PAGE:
Title

The Image of Arab Culture in World Literature in American Anthologies

Titles of the Individual Presentations in a Panel

The Image of Arab Culture in World Literature in American Anthologies Jonas Elbousty

Subject Area

Arabic and Islamic Studies

Abstract

In 1987 E.D. Hirsh published works on cultural literacy, developing a list that sums up knowledge that every American needs to know. At the time of its publication, his work encountered both applause and criticism. Yet, the only common ground that both groups could agree upon was domination of literary cannon by white dead men. Now, in our 21st century American society, we are once again faced with a divided society where conservatives and liberals seem to find no common ground. Hirsch argued that an understanding of cultural literacy could be a source of commonality among all Americans, but as we look toward an American society that is no longer dominated by a white majority, we are faced with a new question, as the demographics of the American people are rapidly shifting in a way where the minorities outgrow the while population.

It is imperative that we, through the teaching and learning of literature, build a bridge that fosters cross cultural understanding among these seemingly disparate groups that make up American society. So how do we do this? In part it will require a rethinking of how we select texts and which texts are added to the traditional high school and college canon. The key factor in text selection is the necessity to discontinue ideologies that maintain white supremacy, and represent the diverse wealth of perspectives present in American society.

For this project, I examine the image of Arab culture in narratives that inhabit our curricula through a close reading of existing texts that perpetuate the orientalist project and, thereby, offer stories that oppose and challenge these narratives.

Brief Bio Note

Jonas M. Elbousty has taught at Al Akhawyeen University, Daniel Webster College, Georgia Institute of Technology, and Emory University. He currently teaches at the department of Near Eastern Languages and Civilizations at Yale University. He has taught widely in the areas of North African affairs, Middle Eastern and North African History and literature.

His research and teaching interests are comparative and Arabic literature; North African literature; Diaspora in Cinema, Postcolonial literature; Intersection between literary and political theory in literature. His research interests have focused on a number of issues within the broader field of Arabic literature, specifically the intricate relationship between literature and politics and the argument that literature can alter the political sphere. He is also conducting research in Medieval Islamic West History, and his research is concerned with the social and political tensions that arise from the study of religious minorities under the majority rule in the Medieval Islamic West. He is currently working on a project studying minorities in their sociopolitical and religious context under the governance of Almohads.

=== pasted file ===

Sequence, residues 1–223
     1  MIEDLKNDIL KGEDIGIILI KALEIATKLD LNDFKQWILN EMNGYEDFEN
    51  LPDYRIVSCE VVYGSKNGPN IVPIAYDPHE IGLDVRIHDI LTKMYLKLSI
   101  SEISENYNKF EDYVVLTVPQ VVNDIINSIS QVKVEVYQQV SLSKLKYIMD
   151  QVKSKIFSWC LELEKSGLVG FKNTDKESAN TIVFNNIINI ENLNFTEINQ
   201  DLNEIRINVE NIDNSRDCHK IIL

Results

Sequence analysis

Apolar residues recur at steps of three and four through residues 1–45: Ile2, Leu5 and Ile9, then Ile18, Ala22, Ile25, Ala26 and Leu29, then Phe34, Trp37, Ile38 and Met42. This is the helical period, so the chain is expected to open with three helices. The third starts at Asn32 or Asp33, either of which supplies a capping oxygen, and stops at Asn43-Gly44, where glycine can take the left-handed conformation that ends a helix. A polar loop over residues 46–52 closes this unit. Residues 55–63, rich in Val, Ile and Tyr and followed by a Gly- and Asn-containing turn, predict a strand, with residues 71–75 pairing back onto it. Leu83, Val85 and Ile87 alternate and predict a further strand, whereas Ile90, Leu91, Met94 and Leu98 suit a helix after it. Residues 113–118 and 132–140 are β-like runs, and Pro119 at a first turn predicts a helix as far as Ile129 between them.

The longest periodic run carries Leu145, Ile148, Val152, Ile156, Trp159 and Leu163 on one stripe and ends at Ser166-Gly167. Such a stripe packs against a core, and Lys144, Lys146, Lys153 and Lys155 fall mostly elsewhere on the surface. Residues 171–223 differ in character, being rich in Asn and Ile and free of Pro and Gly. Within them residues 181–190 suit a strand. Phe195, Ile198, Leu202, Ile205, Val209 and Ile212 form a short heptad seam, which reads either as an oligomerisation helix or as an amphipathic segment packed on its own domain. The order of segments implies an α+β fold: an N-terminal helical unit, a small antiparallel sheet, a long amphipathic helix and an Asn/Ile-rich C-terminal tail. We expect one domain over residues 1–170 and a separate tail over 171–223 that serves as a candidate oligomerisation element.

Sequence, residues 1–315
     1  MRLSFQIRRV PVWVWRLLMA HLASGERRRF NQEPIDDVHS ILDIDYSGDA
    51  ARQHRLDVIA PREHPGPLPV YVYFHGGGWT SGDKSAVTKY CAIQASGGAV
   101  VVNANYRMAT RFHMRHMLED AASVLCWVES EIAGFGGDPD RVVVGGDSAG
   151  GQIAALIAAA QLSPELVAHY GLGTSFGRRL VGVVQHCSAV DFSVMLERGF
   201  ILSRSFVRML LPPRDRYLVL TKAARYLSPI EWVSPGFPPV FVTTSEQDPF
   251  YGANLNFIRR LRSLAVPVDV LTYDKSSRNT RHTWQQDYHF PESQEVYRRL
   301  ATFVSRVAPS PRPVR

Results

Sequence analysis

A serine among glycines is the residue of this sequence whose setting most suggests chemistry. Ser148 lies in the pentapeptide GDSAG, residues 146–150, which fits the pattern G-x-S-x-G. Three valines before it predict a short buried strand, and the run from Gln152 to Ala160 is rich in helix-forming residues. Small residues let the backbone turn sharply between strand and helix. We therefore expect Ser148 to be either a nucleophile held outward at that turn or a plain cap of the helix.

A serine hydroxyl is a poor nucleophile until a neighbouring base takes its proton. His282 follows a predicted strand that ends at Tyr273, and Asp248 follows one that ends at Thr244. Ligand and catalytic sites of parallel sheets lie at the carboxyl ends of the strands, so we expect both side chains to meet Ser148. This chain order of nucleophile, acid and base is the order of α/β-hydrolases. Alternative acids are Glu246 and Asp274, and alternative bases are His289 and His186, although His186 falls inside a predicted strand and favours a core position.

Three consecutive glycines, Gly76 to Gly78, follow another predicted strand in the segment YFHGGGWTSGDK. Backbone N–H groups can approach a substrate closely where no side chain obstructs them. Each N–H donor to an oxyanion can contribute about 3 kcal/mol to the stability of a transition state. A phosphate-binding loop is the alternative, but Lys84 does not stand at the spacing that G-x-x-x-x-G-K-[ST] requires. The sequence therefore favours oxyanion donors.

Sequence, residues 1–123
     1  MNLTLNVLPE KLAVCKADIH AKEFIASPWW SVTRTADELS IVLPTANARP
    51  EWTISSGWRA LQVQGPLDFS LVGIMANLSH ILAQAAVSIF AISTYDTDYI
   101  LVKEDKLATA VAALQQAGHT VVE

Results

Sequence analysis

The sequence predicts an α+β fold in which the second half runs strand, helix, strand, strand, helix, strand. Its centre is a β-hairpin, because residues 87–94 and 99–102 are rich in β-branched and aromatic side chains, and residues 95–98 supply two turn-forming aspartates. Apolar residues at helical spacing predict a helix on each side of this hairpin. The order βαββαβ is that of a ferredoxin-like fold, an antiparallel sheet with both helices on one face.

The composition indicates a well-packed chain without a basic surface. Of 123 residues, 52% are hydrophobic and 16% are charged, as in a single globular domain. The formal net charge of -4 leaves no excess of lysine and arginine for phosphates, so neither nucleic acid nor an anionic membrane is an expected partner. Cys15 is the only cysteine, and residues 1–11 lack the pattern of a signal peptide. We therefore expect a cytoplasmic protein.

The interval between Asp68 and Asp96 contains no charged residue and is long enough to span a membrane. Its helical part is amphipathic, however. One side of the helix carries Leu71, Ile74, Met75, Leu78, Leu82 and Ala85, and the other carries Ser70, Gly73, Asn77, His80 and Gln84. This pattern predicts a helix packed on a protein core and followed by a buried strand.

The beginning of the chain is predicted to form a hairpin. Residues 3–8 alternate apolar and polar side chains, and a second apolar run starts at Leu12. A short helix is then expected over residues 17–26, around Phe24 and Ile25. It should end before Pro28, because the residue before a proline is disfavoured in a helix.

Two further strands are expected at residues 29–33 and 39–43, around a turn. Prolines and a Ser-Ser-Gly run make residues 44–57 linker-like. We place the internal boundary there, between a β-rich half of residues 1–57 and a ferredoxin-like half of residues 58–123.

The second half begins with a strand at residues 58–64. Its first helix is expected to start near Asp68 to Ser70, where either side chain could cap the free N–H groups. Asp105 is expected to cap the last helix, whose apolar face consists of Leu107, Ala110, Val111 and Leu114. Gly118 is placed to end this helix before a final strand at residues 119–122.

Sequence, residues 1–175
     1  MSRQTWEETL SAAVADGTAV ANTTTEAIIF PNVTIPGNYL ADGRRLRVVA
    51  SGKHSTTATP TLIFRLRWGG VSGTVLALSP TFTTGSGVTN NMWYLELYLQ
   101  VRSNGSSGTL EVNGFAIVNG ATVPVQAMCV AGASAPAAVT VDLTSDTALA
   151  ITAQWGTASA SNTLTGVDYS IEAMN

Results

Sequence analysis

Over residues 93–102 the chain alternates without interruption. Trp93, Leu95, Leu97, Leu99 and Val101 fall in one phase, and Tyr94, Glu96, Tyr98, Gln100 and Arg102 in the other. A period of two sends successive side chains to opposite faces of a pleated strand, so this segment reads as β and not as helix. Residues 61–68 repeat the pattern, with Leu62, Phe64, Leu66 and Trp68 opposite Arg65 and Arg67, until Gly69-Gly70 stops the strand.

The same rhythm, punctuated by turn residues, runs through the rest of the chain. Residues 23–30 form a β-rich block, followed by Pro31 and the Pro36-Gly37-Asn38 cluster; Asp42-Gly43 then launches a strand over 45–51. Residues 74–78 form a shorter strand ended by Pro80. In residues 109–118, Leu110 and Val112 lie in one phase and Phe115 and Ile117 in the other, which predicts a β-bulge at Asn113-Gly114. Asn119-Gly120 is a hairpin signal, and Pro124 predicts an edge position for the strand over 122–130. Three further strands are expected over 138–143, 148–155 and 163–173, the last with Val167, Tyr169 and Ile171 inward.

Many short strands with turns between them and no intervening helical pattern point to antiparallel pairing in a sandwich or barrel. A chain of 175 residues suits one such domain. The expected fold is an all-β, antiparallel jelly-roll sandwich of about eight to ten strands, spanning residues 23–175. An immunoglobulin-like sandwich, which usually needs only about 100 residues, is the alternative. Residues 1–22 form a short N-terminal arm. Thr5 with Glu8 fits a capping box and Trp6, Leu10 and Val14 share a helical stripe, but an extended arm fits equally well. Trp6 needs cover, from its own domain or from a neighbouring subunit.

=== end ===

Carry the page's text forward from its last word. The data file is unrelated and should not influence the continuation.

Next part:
He directed diverse programs in the MENA region. He works as a consultant and external examiner to numerous academic institutions, offering consultations to language development, running workshops for language faculty. He also consults for NGOs, offering advice that pertains to North African and Middle Eastern Affairs. He is contracted as a language expert to provide final stage review and evaluation of test passages (written and auditory) and their associated test items (questions) for the Defense Language Institute’s Language Proficiency Test. He also serves as member on many advisory boards, including American Councils for International Education. He is also on many governmental and non-governmental boards and his advice is often sought by numerous agencies.

Keywords

World Literature, Orientalism, Arab Culture, Narratives, Cultural Literacy

Location

Room 212

Presentation Year

2018

Start Date

4-5-2018 4:25 PM

Embargo

12-11-2017

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Apr 5th, 4:25 PM

The Image of Arab Culture in World Literature in American Anthologies

Room 212

In 1987 E.D. Hirsh published works on cultural literacy, developing a list that sums up knowledge that every American needs to know. At the time of its publication, his work encountered both applause and criticism. Yet, the only common ground that both groups could agree upon was domination of literary cannon by white dead men. Now, in our 21st century American society, we are once again faced with a divided society where conservatives and liberals seem to find no common ground. Hirsch argued that an understanding of cultural literacy could be a source of commonality among all Americans, but as we look toward an American society that is no longer dominated by a white majority, we are faced with a new question, as the demographics of the American people are rapidly shifting in a way where the minorities outgrow the while population.

It is imperative that we, through the teaching and learning of literature, build a bridge that fosters cross cultural understanding among these seemingly disparate groups that make up American society. So how do we do this? In part it will require a rethinking of how we select texts and which texts are added to the traditional high school and college canon. The key factor in text selection is the necessity to discontinue ideologies that maintain white supremacy, and represent the diverse wealth of perspectives present in American society.

For this project, I examine the image of Arab culture in narratives that inhabit our curricula through a close reading of existing texts that perpetuate the orientalist project and, thereby, offer stories that oppose and challenge these narratives.